2012 ELECTION: If it’s close, watch out!
Election night could be a long one. Many of the polls continue to show a tight race with the candidates remaining in a dead heat in the swing states. Whoever wins the election, it might not be by much. Close elections have produced challenges for the victor once he starts his term in the White House. If voters don’t provide a clear mandate, presidents often find that they have added challenges when dealing with Congress, as legislators have far less fear about the commander in chief.
In 1916, for example, President Woodrow Wilson won reelection against former Supreme Court Justice Charles Evan Hughes by 23 electoral votes and 3.1 percent of the popular vote. The victory, which depended on Wilson’s assurances to keep the U.S. out of war, hardened the lines of partisan battle. Republicans returned to Washington angry about how he had used the potential for war against them, even as he ushered the nation into World War I soon after the election. During the war, and especially during the fight over the peace treaty that followed, Wilson found little cooperation from Republicans who felt confident that they could take him on in the home front.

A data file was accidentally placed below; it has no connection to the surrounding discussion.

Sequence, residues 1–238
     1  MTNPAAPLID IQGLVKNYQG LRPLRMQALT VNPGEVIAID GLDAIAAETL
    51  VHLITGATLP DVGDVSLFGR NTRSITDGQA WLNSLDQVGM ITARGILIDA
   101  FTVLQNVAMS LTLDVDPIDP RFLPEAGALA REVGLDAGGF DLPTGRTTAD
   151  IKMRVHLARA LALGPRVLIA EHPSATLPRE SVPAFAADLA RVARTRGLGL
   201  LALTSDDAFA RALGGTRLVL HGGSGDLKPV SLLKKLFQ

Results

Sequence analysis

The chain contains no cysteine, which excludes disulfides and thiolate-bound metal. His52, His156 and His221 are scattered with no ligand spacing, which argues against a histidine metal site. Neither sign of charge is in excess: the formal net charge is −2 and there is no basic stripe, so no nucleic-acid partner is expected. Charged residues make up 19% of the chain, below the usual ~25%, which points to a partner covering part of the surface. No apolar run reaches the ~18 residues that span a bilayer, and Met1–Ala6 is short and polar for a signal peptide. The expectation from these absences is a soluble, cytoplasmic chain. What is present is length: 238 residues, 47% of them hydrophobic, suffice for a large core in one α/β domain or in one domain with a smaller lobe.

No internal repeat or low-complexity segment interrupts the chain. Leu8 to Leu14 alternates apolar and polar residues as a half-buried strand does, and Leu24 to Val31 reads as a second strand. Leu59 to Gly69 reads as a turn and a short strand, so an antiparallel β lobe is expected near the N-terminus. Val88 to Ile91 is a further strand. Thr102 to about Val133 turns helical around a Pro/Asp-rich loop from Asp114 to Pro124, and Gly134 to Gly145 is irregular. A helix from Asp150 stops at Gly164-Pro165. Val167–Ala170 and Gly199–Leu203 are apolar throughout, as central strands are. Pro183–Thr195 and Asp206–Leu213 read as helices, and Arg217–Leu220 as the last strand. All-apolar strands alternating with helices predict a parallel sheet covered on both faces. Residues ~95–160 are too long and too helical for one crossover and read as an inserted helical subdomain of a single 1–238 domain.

The 2004 election, which Bush won by 35 electoral votes and 2.4 percent of the popular vote, also generated controversy as some Democrats felt that there had been voter suppression and rigged voting machines in the crucial state of Ohio by Republican-supporting groups. Republicans claimed there had been voter fraud in other states, like Pennsylvania. Bush never received the political capital he expected from his reelection victory and saw most of his domestic legislative proposals languish.
In today’s political era, every president — even those who enjoy landslide victories — faces immense challenges working in the current congressional environment. Partisan polarization, interest-group politics and the 24-hour media make legislating difficult.
But narrow elections only make things worse, and this would be the case for either a second term for President Barack Obama or a first term for Mitt Romney. The situation would be even worse if certain states are contested, as occurred in 2000, and if the chaos from hurricane sandy results in logistical problems in parts of the east coast. The winner would walk into a toxic Washington environment with the perception that their mandate is thin.
Added to all of this is the fact that the winner of the electoral college vote might not be the winner of the popular vote, as has occurred a handful of other times in U.S. history. Of course, the polls could be off and we might be heading to another Truman defeats Dewey moment, such as occurred in 1948 when the president proved the pollsters wrong and enjoyed a comfortable reelection victory. But since that’s probably not the case, we’ll be heading toward some rough times on Capitol Hill in the years ahead.